Details: 724-222-8020

BHD Auctions

A local veteran of the web-only sale format, BHD Auctions logs on for another Internet sale that ends Nov. 21. Owner Brian Detch describes the sale as “heavy on primitive and country” items such as nicely built antique chest with dovetailed joints, old-fashion irons, candle snuffers, wooden tools and pulleys, handmade quilts and locks.

Just in time for the holidays, a nice fleet of Lionel trains, many with the original boxes, pulls into the BHD station. For a complete setup, bidders will find model train accessories such as “snow covered” firehouses, churches, mechanic garages, Victorian homes and other pieces to build an entire village.

Among the miscellany are glassware, pottery and stoneware, a small Mickey Mouse wristwatch collection, accordions and other musical instruments, dolls and toys and old comics books.

To preview all merchandise and place bids, click on

Details: 724-816-0683

John Altdorfer is a contributing writer for Trib Total Media.

TribLIVE commenting policy

You are solely responsible for your comments and by using you agree to our Terms of Service.

We moderate comments. Our goal is to provide substantive commentary for a general readership. By screening submissions, we provide a space where readers can share intelligent and informed commentary that enhances the quality of our news and information.

While most comments will be posted if they are on-topic and not abusive, moderating decisions are subjective. We will make them as carefully and consistently as we can. Because of the volume of reader comments, we cannot review individual moderation decisions with readers.

We value thoughtful comments representing a range of views that make their point quickly and politely. We make an effort to protect discussions from repeated comments either by the same reader or different readers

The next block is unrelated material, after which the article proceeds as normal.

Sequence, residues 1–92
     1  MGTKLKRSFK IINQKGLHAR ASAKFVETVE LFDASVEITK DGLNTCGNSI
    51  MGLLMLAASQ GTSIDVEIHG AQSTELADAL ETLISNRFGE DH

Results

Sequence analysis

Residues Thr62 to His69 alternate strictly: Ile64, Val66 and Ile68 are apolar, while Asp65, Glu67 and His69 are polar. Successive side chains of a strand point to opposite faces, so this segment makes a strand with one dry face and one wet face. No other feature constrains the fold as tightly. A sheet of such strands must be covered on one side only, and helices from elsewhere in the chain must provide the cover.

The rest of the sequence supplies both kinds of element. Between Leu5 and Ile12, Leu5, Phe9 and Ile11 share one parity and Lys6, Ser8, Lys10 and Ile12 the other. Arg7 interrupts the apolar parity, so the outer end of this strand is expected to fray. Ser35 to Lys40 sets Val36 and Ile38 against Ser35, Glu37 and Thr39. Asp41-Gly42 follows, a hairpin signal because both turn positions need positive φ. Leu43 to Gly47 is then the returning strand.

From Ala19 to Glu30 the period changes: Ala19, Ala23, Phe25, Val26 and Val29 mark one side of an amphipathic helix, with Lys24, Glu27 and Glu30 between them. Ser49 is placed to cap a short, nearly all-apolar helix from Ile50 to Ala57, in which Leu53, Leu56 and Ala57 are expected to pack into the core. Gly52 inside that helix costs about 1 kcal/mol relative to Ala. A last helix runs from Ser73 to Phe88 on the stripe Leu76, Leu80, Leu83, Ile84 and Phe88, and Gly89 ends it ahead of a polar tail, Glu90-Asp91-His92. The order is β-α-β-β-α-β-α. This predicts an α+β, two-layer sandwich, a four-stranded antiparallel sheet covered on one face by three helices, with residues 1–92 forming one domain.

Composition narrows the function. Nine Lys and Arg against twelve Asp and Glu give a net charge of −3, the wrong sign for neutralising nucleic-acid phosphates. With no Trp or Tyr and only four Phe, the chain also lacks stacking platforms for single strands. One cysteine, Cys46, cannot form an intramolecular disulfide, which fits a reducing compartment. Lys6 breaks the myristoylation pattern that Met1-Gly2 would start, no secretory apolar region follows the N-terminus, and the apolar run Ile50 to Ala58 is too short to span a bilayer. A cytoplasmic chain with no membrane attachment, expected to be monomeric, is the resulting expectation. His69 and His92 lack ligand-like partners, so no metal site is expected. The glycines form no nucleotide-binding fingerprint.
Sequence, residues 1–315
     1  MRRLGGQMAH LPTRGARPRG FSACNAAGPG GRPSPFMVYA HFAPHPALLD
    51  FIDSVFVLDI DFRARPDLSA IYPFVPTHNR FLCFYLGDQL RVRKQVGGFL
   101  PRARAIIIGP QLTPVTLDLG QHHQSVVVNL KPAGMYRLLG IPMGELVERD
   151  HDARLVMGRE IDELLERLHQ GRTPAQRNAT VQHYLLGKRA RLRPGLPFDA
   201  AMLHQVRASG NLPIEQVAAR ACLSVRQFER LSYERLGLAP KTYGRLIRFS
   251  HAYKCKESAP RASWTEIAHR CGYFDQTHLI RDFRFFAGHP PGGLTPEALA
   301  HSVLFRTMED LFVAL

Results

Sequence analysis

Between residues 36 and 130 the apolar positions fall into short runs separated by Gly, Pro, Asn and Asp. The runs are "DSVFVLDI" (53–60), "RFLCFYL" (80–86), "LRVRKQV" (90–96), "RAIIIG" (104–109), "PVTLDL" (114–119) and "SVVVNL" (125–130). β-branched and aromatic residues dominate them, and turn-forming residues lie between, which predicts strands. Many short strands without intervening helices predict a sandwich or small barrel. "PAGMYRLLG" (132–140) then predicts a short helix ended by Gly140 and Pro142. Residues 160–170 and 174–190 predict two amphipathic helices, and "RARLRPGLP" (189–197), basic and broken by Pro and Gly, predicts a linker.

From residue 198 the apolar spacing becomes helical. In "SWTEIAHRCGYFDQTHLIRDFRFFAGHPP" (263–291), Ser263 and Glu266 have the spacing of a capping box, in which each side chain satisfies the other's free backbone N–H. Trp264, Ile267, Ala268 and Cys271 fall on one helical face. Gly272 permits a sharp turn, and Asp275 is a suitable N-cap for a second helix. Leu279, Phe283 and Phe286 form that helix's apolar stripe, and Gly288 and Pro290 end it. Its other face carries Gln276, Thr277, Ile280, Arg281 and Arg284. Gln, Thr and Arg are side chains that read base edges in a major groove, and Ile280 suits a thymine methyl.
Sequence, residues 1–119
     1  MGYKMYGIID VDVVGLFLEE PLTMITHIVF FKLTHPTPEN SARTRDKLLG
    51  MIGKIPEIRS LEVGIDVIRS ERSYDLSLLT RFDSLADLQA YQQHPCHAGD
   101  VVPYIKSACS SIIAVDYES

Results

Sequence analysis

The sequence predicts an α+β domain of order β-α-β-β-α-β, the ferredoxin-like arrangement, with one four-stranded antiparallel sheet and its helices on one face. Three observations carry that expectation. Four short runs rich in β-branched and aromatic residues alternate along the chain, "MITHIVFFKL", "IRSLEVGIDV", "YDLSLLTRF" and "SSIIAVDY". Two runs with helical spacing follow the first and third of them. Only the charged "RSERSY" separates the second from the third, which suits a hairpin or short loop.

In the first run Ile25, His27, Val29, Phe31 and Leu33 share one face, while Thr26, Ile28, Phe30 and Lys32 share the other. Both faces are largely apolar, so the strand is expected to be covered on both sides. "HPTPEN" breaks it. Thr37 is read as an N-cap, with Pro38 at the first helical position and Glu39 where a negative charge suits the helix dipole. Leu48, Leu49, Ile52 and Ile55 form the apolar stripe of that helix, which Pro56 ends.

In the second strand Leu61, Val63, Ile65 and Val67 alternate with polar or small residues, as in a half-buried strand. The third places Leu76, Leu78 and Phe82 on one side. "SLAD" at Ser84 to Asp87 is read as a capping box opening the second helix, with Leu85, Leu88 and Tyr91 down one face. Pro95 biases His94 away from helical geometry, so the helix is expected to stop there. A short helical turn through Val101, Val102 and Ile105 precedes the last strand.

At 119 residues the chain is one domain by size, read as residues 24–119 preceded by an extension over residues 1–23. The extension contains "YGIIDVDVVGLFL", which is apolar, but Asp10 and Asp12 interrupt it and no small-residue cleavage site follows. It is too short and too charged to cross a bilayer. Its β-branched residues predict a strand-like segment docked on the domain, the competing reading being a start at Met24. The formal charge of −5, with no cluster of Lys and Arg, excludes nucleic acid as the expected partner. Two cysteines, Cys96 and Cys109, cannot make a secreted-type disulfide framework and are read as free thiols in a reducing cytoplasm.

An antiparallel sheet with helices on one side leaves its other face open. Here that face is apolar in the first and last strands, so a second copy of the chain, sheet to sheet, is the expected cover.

We follow the same standards for taste as the daily newspaper. A few things we won't tolerate: personal attacks, obscenity, vulgarity, profanity (including expletives and letters followed by dashes), commercial promotion, impersonations, incoherence, proselytizing and SHOUTING. Don't include URLs to Web sites.

We do not edit comments. They are either approved or deleted. We reserve the right to edit a comment that is quoted or excerpted in an article. In this case, we may fix spelling and punctuation.

We welcome strong opinions and criticism of our work, but we don't want comments to become bogged down with discussions of our policies and we will moderate accordingly.

We appreciate it when readers and people quoted in articles or blog posts point out errors of fact or emphasis and will investigate all assertions. But these suggestions should be sent via e-mail. To avoid distracting other readers, we won't publish comments that suggest a correction. Instead, corrections will be made in a blog post or in an article.